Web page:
Management of women referred to early pregnancy assessment unit: care and cost effectiveness.British Medical Journal 1991; 302 doi: https://doi.org/10.1136/bmj.302.6776.577 (Published 09 March 1991) Cite this as: British Medical Journal 1991;302:577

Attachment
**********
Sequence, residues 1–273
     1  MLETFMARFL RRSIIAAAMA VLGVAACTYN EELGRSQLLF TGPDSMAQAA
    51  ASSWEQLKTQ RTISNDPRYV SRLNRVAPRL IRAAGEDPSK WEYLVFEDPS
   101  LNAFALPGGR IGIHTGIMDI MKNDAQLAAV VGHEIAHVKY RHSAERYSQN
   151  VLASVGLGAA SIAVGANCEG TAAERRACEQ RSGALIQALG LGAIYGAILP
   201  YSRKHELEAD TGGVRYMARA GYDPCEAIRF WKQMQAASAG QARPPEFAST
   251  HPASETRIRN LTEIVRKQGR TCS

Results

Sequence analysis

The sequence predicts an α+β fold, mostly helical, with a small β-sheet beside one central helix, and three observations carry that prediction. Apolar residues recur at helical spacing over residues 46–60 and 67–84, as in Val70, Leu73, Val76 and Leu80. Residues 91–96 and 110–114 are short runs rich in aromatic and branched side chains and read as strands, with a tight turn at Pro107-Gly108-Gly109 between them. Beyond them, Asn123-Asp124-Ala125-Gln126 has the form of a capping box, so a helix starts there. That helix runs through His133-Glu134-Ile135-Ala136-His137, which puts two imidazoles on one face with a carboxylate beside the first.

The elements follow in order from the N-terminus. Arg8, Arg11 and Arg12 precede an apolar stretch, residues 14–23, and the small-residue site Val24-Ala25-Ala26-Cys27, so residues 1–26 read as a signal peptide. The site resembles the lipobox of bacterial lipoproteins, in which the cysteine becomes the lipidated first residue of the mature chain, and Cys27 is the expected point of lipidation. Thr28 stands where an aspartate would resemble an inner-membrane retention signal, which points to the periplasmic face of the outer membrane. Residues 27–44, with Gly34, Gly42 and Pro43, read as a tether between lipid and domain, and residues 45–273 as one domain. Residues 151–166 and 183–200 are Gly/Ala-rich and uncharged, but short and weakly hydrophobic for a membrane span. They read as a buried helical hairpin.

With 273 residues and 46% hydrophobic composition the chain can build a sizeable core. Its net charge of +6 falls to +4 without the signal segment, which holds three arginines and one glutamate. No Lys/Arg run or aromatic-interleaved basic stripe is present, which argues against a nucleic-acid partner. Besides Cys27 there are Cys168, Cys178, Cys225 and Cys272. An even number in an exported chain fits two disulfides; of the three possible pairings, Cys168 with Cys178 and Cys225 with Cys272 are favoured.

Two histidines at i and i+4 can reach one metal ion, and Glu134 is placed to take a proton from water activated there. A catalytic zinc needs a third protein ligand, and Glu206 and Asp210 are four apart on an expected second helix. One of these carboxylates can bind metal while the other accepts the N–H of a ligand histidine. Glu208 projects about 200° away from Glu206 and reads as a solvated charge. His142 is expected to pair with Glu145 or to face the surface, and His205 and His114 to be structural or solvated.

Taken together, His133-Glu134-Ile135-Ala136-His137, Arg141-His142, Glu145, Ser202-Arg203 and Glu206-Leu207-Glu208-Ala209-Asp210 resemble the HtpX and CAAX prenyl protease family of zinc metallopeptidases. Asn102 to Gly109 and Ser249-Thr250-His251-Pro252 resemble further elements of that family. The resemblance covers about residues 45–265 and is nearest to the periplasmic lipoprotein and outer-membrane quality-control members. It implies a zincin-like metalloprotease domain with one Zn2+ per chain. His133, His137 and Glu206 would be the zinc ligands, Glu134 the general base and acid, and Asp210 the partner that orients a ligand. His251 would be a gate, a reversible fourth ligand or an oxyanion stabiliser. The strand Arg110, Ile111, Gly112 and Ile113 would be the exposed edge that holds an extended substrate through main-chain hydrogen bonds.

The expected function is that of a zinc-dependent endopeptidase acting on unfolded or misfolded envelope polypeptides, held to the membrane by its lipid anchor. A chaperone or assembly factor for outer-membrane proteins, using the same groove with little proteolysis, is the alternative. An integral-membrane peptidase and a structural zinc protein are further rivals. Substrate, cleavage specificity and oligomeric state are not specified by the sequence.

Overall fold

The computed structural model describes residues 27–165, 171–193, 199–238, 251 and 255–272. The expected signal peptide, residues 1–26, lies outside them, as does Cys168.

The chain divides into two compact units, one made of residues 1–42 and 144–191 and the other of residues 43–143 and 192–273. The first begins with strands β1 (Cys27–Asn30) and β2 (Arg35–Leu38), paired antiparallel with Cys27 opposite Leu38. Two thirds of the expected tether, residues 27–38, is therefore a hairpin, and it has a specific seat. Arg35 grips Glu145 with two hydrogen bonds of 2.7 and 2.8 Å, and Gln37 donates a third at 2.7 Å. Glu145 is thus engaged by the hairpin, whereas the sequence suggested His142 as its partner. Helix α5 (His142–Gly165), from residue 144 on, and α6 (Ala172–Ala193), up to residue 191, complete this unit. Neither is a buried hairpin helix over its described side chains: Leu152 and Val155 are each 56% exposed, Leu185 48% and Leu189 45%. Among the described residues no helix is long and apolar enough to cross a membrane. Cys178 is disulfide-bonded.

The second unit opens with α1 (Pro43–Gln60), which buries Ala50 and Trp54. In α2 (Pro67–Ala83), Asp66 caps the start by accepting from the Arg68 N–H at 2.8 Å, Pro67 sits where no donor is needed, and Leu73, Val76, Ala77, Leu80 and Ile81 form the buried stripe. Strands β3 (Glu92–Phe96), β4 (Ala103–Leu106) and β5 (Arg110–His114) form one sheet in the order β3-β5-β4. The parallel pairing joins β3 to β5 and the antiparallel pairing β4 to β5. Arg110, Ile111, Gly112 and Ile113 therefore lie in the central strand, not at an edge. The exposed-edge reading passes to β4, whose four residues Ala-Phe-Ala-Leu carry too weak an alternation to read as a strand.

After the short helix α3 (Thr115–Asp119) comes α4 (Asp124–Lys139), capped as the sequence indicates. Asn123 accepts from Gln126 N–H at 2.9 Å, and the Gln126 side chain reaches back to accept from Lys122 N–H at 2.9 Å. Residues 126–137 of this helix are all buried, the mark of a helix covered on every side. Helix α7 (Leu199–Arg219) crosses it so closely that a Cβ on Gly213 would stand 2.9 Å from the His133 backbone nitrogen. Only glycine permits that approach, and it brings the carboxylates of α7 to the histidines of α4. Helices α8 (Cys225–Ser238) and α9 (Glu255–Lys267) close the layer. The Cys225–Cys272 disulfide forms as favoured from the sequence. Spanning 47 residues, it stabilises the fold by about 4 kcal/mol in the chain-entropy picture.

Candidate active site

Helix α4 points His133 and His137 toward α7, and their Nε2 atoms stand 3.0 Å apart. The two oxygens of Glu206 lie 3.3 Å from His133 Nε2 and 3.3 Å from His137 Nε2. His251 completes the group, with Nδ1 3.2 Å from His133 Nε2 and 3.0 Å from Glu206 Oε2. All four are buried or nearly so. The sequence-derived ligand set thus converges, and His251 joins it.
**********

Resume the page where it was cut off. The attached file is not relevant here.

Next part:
OBJECTIVE--To assess the efficiency of an early pregnancy assessment unit in the care of women with bleeding or pain in early pregnancy. DESIGN--Analysis of women attending in the first year of the unit's operation and in the six months immediately before its introduction. SETTING--Early pregnancy assessment unit in a district general hospital serving a population of 310,000. PATIENTS--1141 women referred with bleeding or pain in early pregnancy. MAIN OUTCOME MEASURES--Length of stay in hospital required for diagnosis and treatment. RESULTS--Before the unit was established the mean admission time was one and a half (range half to three) days for women who required no treatment and three (one and a half to five) days in women requiring evacuation of uterus. These times were reduced to two hours as an outpatient and one day respectively for most women after the unit was established. Between 318 and 505 women were estimated to have been saved from unnecessary admission, and 233 had their stay reduced; the associated saving was between pounds 95,000 and pounds 120,000 in one year. CONCLUSIONS--The early pregnancy assessment unit improved the quality of care and also produced considerable savings in financial and staff resources.